Communicators whose brands experience these situations must evaluate before responding. Drawing more attention to the situation or striking the wrong tone could be worse than saying nothing at all.

In Tide’s case, for example, their communicators needed to condemn the activity, explain that this was not the intended purpose for the product, and provide helpful outlets for consumers who may have ingested the laundry pods.

In other cases, it could be best for communicators to monitor the situation and remain quiet until the coverage subsides.

During these situations, when mentions of the brand are higher than normal, communicators should spend extra time with their monitoring tool. Set up more frequent alerts and reports and consider refining or creating new keywords to capture mentions pertaining to the concerning situation. Conduct sentiment analysis on these messages to determine the tone. If they are overwhelmingly neutral, especially if they have a comical tone as many of the messages about Crock-Pots following the episode of This is Us, continue with your regularly scheduled content.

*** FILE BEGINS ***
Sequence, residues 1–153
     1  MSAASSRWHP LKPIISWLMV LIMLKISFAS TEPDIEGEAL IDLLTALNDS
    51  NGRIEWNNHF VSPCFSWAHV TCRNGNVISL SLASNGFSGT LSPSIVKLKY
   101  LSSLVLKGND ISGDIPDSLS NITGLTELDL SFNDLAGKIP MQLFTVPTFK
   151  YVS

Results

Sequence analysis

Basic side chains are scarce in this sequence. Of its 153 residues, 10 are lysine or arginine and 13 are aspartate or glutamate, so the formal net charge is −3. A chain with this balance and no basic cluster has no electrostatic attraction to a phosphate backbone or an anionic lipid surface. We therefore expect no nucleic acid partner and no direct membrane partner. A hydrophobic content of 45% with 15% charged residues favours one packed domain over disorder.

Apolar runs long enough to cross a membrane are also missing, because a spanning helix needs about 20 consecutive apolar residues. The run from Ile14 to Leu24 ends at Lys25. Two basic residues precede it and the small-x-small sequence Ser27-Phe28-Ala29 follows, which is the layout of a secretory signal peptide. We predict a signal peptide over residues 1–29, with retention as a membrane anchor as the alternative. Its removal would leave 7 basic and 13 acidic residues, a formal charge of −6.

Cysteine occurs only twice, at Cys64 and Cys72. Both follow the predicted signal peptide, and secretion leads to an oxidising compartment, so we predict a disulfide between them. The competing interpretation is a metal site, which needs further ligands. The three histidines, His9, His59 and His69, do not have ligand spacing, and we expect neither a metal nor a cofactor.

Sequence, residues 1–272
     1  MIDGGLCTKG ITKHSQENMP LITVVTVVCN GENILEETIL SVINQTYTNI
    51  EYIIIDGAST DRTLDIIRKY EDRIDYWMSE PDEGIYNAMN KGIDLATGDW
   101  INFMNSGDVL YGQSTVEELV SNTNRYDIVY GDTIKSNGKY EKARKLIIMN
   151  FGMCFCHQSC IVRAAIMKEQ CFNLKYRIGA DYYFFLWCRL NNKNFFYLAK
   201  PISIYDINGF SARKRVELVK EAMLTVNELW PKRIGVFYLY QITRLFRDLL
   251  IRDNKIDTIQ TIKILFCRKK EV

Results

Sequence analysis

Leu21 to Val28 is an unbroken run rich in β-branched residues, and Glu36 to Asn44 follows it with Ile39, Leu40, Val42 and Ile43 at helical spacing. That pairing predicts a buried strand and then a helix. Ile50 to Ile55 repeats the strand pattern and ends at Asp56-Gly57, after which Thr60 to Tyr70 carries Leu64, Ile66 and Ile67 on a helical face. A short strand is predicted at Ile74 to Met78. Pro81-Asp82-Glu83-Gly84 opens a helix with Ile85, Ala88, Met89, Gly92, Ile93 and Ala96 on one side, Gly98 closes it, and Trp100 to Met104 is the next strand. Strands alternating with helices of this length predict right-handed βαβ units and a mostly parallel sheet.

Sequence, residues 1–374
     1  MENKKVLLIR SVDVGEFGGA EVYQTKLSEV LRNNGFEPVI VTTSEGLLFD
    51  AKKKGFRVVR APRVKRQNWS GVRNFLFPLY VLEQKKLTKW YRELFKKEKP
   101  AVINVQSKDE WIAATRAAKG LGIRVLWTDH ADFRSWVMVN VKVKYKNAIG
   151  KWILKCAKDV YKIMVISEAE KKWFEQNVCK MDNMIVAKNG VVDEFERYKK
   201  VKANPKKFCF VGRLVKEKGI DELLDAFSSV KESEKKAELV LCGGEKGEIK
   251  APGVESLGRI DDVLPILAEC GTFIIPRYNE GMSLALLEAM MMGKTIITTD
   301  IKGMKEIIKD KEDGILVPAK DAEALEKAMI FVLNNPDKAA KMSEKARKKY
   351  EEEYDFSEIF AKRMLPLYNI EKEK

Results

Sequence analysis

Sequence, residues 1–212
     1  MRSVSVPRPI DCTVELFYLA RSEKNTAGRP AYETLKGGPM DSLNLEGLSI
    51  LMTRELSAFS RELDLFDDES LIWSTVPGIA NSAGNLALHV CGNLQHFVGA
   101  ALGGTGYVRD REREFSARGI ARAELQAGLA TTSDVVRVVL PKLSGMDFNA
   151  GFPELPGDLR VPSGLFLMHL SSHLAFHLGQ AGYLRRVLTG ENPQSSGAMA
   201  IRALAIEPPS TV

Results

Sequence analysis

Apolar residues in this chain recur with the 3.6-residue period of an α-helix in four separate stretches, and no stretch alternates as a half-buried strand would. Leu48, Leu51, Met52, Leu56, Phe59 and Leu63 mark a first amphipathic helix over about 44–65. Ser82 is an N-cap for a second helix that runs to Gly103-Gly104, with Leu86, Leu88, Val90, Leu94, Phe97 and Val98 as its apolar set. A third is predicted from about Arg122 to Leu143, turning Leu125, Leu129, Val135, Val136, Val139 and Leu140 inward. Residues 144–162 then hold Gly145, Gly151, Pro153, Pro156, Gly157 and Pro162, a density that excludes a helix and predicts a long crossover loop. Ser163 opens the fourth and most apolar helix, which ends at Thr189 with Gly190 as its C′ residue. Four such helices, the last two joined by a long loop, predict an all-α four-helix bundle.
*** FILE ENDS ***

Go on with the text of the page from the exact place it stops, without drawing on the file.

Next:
Although these low-key crisis situations aren’t your traditional crises, communicators should consider their potential impact. The speed of digital news and social media allows messages and videos to circulate quickly, allowing problems to gather steam, which could have negative implications for your brand. Perhaps add a provision to your crisis management plans for lower priority crises and responses to them.

Continuing to closely monitor your brand and finding the right response, if any at all, will ensure your brand doesn’t suffer any consequences because of these crises.

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About The Author

jordan.gosselin@carma.com'

Jordan Gosselin recently began her career in marketing and communication with CARMA. Her experience includes social and digital work, creative content production, and marketing operations.